In honor of what would have been my grandfather's 89th birthday this coming Thursday, my family and I are having a casual barbeque on Saturday. The last time we had a backyard cookout for my grampa was in 2005. I didn't know that that would be the last birthday party I would be able to throw for him, the last chance to make him a cake. On April 1 of this year, he died. I am incredibly grateful that I was able to be with him throughout his hospitalization with heart disease and during his actual very last breaths. I am very grateful that Brian and my closest friends were all there for me and my grandfather throughout those trials too. I seem to be more prone to crying now than in the first few weeks after his death. The fact that his birthday is three days away, that it will be the first time in my life I don't get to buy him a card and wish him a happy birthday hasn't entirely hit me. Still, it seems fitting to get together to eat and share time with my loved ones in his memory.
The greatest mark of my grandfather's illness to me wasn't so much his actual hospitalization or even the two known heart attacks he suffered. It was his drastic weight loss and muscle wasting. It was the fact that he stopped eating, stopped getting hungry, stopped being able to taste and enjoy food. That to me seemed the cruelest blow of all. I'd seen him in the hospital before and his heart failure and hypertension had become a part of him that had, for years, been so seemingly well-managed by medication that they became almost incidental. Surmountable, even. But not eating? He loved to eat. That was taken away from him.
As a former cook in the army, he also knew how to cook. As the years went on, his concoctions became questionable, and often unrecognizable as any familiar food item, but I remember his pizza, fried fish, coconut ice cubes. My grandmother, however, loomed larger in the shaping of my food history. She was one of Those grandmothers, the kind who baked delicious cakes without ever referring to a recipe. When I wanted a snack, she'd make me fried chicken. She got me to eat beans--a hated food as a child--with her arroz con gandules, which I nicknamed vitamin rice because the pigeon peas looked like little pills. But the remeberance of my grandmother is more like myth. Maybe she did use recipes and measuring cups but I just don't remember. My grandfather, though, was real. I watched him cook everyday for years (and then I watched him stop cooking). I watched him read the greasy Betty Crocker cookbook when he was bored and then, hours later, he would have made a pear upside down cake. My grandfather didn't care if he didn't have half the ingredients called for. He'd just make whatever. So pineapple turned to pear and sometimes he wouldn't even use flour. Not if he had Bisquick or corn meal instead.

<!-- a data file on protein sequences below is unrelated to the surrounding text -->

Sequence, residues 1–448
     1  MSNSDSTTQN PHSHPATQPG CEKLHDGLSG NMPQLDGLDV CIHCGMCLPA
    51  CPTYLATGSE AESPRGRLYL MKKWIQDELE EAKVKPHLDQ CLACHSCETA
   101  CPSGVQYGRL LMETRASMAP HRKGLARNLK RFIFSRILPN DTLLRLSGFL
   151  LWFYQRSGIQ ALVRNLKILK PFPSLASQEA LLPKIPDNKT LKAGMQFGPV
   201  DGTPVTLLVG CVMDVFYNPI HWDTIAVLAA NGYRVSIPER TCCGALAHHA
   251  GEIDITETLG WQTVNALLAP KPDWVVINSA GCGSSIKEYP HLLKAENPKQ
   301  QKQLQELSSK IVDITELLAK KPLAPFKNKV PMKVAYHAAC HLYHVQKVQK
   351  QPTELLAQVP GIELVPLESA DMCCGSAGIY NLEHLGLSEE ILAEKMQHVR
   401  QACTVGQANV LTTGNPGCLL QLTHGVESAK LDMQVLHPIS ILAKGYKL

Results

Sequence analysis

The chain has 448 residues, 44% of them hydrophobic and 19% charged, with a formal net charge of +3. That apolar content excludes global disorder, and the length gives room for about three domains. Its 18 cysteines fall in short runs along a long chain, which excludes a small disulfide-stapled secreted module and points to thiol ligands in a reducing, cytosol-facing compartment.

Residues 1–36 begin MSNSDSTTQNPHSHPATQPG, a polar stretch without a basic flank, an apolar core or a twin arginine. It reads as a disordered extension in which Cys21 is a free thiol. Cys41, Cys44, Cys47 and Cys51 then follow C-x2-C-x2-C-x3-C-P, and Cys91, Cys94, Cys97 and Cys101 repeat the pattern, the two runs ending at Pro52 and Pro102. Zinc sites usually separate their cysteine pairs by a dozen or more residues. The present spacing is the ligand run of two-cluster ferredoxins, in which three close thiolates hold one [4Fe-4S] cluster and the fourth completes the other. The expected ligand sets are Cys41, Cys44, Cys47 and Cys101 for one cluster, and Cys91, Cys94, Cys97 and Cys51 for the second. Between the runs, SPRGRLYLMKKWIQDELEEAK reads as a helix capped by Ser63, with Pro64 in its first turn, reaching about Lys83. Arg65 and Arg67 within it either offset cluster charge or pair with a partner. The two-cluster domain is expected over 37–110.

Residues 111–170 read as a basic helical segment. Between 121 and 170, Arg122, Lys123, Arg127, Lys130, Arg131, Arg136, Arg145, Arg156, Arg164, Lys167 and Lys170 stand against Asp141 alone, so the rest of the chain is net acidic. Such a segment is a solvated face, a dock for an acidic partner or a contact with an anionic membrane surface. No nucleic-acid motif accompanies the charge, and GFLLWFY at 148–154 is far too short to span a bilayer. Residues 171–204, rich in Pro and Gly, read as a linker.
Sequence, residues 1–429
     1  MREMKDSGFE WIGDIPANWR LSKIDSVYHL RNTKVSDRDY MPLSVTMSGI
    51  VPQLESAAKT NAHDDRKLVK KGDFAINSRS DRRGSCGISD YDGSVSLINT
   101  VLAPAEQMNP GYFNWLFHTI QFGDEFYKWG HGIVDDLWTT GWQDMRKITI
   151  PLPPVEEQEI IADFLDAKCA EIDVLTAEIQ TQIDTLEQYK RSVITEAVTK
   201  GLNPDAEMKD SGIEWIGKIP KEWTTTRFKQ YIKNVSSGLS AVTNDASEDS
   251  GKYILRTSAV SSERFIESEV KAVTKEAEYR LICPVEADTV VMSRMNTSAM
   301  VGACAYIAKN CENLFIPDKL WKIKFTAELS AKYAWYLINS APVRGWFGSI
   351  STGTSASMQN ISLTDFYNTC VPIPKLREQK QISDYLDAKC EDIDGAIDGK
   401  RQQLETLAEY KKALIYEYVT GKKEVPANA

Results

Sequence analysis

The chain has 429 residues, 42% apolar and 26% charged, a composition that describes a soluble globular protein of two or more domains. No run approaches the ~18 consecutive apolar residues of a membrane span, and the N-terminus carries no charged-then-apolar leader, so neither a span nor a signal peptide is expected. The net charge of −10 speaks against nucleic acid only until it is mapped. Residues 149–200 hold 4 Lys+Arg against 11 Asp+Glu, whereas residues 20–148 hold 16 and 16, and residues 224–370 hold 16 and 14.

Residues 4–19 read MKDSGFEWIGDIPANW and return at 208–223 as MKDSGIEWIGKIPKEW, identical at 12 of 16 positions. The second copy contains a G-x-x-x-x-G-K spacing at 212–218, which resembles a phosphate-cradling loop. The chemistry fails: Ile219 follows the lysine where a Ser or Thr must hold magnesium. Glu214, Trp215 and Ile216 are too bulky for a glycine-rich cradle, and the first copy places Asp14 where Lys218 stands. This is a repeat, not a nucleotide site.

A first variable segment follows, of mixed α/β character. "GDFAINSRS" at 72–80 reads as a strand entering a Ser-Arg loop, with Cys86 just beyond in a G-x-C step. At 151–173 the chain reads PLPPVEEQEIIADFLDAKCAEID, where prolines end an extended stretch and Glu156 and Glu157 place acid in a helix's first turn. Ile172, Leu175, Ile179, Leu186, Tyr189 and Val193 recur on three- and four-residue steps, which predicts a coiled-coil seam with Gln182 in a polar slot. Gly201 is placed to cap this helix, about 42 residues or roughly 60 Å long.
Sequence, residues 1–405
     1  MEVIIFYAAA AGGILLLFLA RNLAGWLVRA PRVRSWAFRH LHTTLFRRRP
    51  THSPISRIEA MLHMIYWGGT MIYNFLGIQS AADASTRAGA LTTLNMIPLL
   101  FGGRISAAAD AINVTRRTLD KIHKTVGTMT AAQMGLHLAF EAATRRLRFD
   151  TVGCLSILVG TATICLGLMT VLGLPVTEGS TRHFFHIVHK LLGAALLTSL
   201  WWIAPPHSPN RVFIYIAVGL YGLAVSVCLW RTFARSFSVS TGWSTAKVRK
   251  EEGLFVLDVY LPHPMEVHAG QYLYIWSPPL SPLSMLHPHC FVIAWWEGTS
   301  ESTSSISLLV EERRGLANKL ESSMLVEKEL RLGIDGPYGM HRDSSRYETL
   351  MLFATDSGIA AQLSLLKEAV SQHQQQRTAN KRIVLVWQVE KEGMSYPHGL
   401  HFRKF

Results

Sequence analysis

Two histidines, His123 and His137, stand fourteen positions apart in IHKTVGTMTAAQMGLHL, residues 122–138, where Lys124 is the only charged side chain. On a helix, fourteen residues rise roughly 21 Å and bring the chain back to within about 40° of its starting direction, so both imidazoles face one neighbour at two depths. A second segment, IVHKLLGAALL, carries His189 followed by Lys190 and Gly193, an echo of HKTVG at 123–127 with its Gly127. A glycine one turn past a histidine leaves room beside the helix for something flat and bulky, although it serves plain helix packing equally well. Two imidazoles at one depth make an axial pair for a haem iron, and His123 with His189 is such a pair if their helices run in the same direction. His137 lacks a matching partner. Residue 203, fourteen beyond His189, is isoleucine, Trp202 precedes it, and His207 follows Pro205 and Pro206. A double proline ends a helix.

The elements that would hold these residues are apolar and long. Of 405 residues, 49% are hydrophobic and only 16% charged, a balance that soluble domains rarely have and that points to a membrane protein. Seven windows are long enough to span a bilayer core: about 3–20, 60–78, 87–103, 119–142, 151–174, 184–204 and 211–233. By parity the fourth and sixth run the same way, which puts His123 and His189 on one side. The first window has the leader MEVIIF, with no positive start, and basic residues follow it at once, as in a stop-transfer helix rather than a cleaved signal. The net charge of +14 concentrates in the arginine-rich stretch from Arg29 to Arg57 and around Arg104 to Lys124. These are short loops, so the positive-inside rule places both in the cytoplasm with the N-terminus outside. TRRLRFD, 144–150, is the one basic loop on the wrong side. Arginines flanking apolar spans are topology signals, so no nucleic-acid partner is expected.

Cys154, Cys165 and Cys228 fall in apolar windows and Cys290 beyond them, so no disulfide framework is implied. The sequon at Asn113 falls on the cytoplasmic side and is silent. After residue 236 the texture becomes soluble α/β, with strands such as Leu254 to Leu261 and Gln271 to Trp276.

Earlier this year, to watch him turn away from food when I had always watched him turn towards it--first by feeding me, then by feeding my grandmother when she stopped cooking a few years before she died, and then finally for our dog, who he always cooked for--was so frustrating and incomprehensible. I didn't understand. I just thought if we could make him eat, he'd come back home. He's so weak and skinny, he's not rebounding, that's what I heard. So, I'll just make him eat. I made him coconut rice pudding, bought him soup and cakes. All I had to do was bring food, make him eat it, and he would get better. But he never wanted to eat. The biggest conflicts in the hospital were about getting him to eat. Every day my mother, the nurses and doctors, and I would try, tell him why he needed to eat. He would just get so angry. I suppose the only thing worse than losing the will to eat is having everyone bug you about why you should eat. In fact, my last interaction with my grandfather before he really started dying was me finally getting him to drink some Gatorade and bickering over the jello cup he didn't want.
Despite all of that, it doesn't seem strange at all to eat in his honor. He spent most of his life doing it anyway. The one feature, no matter one's religion or background, that seems to be common after any death is the bringing of food from friends and neighbors. You eat after someone dies. Or else someone tries to get you to eat. I guess there are two ways to grieve: eat or don't eat. I eat. The first thing I wanted to read after my grandfather died was the introduction to the "Funeral" chapter in Nigella Lawson's Feast. And the first thing I wanted to make was the marble cake in that chapter. Baking tied and ties me to my grandparents. It may seem cruel, or at least like some kind of denial, to bake a cake and eat it after someone dies. Yet food is what keeps everyone going. How can you go on after someone you love has died is the question Lawson brings up in the chapter. But that's what death is. It's not just someone dying and leaving you. It's you having to keep going on without them.
Yesterday, Brian called me while I was at Wegman's, shopping for the week and picking up a few items for the barbeque. I told him about my friend's husband who only eats halal meat so I'll have to get fish for him (and me). And no pork in the arroz con gandules so Brian and the Guls, who are Muslim, and I can eat it. Let's try not to mix up the ribs with the veggie dogs when grilling. Oh, and do you want me to make grilled eggplant sandwiches with vegan red pepper aioli? You know, a break from Morningstar Farms? Brian laughed as I told him all of this, saying it really was a mutual menu and how our conversation should be my next post. When I started writing, I didn't anticipate getting into so much detail about my grandfather and death in general and how all of that is so tied to food (everything is tied to food for me). But I guess I just really needed to talk about all of that.